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Incidence and Antimicrobial Susceptibility of Escherichia coli and Klebsiella pneumoniae with Extended-Spectrum β-Lactamases in Community- and Hospital-Associated Intra-Abdominal Infections in Europe: Results of the 2008 Study for Monitoring Antimicrobial Resistance Trends (SMART) ▿

By Stephen P. Hawser, Samuel K. Bouchillon, Daryl J. Hoban, Robert E. Badal, Rafael Cantón and Fernando Baquero


From 2002 to 2008, there was a significant increase in extended-spectrum beta-lactamase (ESBL)-positive Escherichia coli isolates in European intra-abdominal infections, from 4.3% in 2002 to 11.8% in 2008 (P < 0.001), but not for ESBL-positive Klebsiella pneumoniae isolates (16.4% to 17.9% [P > 0.05]). Hospital-associated isolates were more common than community-associated isolates, at 14.0% versus 6.5%, respectively, for E. coli (P < 0.001) and 20.9% versus 5.3%, respectively, for K. pneumoniae (P < 0.01). Carbapenems were consistently the most active drugs tested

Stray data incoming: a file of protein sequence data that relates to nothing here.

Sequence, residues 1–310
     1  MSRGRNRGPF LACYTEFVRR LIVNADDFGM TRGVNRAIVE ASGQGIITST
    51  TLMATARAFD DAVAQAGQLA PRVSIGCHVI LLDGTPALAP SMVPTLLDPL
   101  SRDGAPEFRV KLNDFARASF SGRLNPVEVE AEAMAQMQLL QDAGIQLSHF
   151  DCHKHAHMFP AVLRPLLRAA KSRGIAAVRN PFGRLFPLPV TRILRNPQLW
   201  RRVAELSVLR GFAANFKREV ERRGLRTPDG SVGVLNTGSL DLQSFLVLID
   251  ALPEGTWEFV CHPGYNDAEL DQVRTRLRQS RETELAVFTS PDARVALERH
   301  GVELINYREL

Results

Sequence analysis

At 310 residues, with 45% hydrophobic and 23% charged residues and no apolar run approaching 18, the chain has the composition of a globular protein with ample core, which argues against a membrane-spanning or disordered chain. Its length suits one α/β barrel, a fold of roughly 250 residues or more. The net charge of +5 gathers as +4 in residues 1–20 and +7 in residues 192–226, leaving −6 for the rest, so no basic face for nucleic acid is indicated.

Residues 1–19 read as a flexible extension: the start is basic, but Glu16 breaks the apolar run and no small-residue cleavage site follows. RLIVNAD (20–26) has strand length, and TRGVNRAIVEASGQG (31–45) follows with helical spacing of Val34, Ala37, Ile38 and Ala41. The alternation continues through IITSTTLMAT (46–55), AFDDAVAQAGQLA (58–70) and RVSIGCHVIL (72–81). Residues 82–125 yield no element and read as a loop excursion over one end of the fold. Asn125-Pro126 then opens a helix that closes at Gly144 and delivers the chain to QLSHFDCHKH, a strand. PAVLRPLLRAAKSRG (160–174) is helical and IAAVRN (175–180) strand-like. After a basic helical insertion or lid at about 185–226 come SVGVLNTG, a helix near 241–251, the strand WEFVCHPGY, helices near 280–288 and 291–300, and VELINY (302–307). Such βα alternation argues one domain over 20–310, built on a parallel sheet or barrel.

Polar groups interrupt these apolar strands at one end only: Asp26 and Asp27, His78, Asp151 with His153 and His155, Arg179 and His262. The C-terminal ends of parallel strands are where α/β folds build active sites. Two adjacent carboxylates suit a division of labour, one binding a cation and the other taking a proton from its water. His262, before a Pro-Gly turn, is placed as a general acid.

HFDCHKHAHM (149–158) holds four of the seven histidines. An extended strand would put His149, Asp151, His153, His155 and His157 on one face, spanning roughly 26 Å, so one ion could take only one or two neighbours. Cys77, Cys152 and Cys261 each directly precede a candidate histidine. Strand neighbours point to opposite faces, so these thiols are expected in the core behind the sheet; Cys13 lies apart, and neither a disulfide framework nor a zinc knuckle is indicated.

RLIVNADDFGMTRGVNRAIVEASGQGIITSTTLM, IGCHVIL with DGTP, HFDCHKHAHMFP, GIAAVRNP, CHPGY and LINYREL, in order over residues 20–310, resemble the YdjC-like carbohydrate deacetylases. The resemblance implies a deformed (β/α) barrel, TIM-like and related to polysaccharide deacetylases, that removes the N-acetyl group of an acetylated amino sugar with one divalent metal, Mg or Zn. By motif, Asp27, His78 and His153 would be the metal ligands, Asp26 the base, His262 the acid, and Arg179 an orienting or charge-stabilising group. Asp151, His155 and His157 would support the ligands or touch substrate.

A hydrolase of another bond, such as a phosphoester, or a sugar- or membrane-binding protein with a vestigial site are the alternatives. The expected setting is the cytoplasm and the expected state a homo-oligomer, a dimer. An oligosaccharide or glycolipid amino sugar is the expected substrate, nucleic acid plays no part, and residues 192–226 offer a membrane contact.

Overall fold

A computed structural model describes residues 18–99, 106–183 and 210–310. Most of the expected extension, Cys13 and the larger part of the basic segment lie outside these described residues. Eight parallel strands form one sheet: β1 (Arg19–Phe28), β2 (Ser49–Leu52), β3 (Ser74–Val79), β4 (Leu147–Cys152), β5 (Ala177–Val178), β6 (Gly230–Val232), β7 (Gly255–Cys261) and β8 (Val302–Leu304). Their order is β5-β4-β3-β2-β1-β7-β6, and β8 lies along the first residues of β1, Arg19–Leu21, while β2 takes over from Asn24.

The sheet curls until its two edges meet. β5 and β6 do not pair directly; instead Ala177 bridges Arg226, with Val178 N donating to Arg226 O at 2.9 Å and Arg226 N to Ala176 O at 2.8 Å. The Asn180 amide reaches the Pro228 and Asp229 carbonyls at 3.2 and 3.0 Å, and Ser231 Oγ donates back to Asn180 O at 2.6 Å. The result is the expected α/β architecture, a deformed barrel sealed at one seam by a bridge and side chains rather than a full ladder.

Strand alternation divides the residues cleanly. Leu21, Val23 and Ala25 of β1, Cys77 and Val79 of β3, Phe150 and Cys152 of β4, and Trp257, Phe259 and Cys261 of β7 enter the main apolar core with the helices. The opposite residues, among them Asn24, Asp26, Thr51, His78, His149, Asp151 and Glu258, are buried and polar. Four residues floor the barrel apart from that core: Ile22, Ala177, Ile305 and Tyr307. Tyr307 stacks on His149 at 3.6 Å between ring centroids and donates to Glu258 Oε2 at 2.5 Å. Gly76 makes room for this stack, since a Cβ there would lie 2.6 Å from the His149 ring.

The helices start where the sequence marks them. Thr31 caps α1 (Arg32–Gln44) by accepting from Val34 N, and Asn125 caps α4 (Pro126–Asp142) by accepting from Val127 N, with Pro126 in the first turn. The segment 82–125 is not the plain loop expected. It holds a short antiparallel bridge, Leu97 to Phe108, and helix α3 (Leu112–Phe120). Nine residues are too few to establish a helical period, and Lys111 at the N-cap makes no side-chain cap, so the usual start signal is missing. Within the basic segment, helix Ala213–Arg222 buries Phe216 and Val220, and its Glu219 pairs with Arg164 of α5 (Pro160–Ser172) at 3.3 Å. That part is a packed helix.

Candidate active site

Topics: Susceptibility
Publisher: American Society for Microbiology (ASM)
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Provided by: PubMed Central
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